Raymond Lewis likes to mark special occasions by singing “God Bless America.”
A member of the church choir at Westminster Presbyterian Church, Lewis said he and Tom Blake, the church’s music director, lead their fellow worshippers in a rendition of Irving Berlin’s patriotic anthem on special occasions. The song was released about a year before Raymond Lewis was born.
On Sunday, Aug. 3, members of the congregation joined Lewis in celebrating his 100th birthday. The occasion was marked with several birthday cards, two cakes, a flood of good wishes and Lewis singing a solo of one of his other favorite songs: “The Lord’s Prayer.”
Despite the celebration, Lewis said turning 100 has not affected him all that much.
“It feels no different than I felt 10 years ago,” he said in a voice soft and often halting.
Lewis has lived through the bulk of the 20th century and long enough to witness the first few decades of the 21st. His memory has faded and he now lacks hearing in his left ear. He now relies on a walker to help him move about.
However, despite the effects of age, he knows living as long as he has is not something everyone gets to do. Lewis said that a few years ago, he suffered a burst appendix and had to undergo a risky surgery.
Not too long after, a much younger man in his church congregation underwent the same surgery for the same condition, but died.
The oldest of three sons to a high school mathematics teacher, Lewis was born Aug. 3, 1919, in Conshohocken, Pennsylvania in the same bed his grandmother had given birth to his father.
The world of 1919 was a stark contrast to life in 2019.
“Oh, it was as different as day is from night,” he said.
The year he was born, President Woodrow Wilson was in the White House, radio was still in its infancy and movies did not have sound.
“And of course, there was no television,” Lewis said.
He remembers at the age of 5 or 6, his father purchased a Model T Ford.
“And that was his first car,” he said of his father.
After he graduated from St. Lawrence College in 1941, Lewis was drafted into the U.S. Army. He went through basic training in Oklahoma and then went to officer training school, graduating with the rank of second lieutenant.
In late 1944, he was one of several hundred men sent to Europe on the Queen Elizabeth I. He was assigned to an infantry division quartered in Belgium, arriving near the end of the Battle of the Bulge, with allied forces still receiving fire from German bombers.
Lewis recounts how one faithful day when he was stationed near the Rhine River, with the mission of finding a missing commanding officer, the course of the war changed for him.
Transported by jeep, Lewis arrived in a small town that had been conquered about a day before. Lewis was driven across the small town in a military jeep.
“And the driver turned around at the end of the town and that is when the artillery shell exploded right next to our jeep,” he said. Artillery shell fragments became lodged in the right side of his body.
“Well, that ended the war for me,” he said.
Lewis was transported from one hospital to another, his wounds eventually healed. He would end up in a hospital near Paris, France. His release from the hospital would coincide with Victory in Europe Day or VE Day on May 8, 1945.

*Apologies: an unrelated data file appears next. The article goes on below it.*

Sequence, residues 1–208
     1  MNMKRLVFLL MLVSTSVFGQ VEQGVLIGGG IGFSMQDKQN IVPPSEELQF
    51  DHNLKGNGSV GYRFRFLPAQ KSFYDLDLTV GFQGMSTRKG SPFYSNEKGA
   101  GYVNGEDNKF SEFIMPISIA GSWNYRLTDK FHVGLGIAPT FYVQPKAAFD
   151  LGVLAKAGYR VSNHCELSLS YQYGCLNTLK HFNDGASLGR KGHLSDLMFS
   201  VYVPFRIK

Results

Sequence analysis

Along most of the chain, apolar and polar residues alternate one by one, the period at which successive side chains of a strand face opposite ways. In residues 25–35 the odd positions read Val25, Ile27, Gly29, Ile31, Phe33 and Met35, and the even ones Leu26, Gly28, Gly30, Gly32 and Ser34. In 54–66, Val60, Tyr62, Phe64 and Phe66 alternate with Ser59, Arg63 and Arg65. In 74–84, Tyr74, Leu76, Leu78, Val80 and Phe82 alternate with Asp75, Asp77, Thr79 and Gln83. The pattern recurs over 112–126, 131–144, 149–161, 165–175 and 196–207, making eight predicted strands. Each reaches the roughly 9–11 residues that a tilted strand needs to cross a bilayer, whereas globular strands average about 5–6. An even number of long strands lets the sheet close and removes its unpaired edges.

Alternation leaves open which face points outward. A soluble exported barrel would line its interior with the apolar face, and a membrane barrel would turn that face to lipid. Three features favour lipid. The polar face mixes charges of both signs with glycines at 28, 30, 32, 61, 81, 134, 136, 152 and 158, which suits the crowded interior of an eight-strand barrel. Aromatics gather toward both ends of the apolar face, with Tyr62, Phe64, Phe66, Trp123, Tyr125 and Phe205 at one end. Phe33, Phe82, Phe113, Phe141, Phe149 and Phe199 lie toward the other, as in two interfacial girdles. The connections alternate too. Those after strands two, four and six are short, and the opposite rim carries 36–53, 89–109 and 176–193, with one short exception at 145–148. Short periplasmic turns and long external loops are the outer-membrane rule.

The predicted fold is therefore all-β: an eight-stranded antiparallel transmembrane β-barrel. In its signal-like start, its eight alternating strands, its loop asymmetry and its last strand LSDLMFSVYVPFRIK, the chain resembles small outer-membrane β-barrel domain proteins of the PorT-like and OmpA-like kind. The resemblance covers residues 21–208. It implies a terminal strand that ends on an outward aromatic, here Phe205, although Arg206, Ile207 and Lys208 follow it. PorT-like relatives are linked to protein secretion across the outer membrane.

Later, he was assigned as part of an occupying force tasked with checking in with mayors of small towns in France, making sure there was no activity by forces within those communities.
In October 1945, Lewis was sent back to the United States, crossing the Atlantic and arriving in New York. From there he headed to New Jersey to see his wife Rita who he had married about a year earlier.
The end of the war, though, did not mean the end of Lewis’ military career.
After a short respite, he was assigned to be part of a housekeeping force in the Philippines.
Living conditions in the country were sometimes less than ideal, such as the hut in which he lived with his wife. They had to sleep with mosquito netting over their bed. On another occasion, a duck got stuck beneath the hut, the quacking often keeping Lewis awake at night.
Two years later, Lewis and his wife returned to the United States. Lewis would eventually retain the rank of captain, before leaving the military in 1953.
He and his wife then moved to Albuquerque and had two daughters. Lewis went to work as a field inspector and later technical writer for Sandia Corporation. They would have two daughters.
Later, Lewis and his wife would divorce and he left his job at Sandia. However, he would eventually begin anew, marrying two more times and starting a new career as a self-employed builder in Albuquerque.
Lewis also found another personal passion: flying. He earned his pilot’s license and would fly single-engine aircraft, traveling across the nation to see friends and go to games played by the New Mexico Lobos, the athletic teams representing the University of New Mexico.
Lewis now resides in Roswell. Retired, he now spends his days with his 10-year-old cat, reading the Albuquerque Journal and socializing with neighbors and members of his congregation.
And of course, Lewis can still be heard singing in the choir at Westminster Presbyterian. He said that Blake can often be seen standing next to him, ready to help in case he misses a note.
The song of Lewis’ life has spanned 100 years, hitting notes high and low, and no one knows how much longer the song will continue.
Lewis, though, said he is not ready to die yet. Chances are, he will be in church this coming Sunday.
Breaking news reporter Alex Ross can be reached at 575-622-7710, ext. 301, or at email@example.com.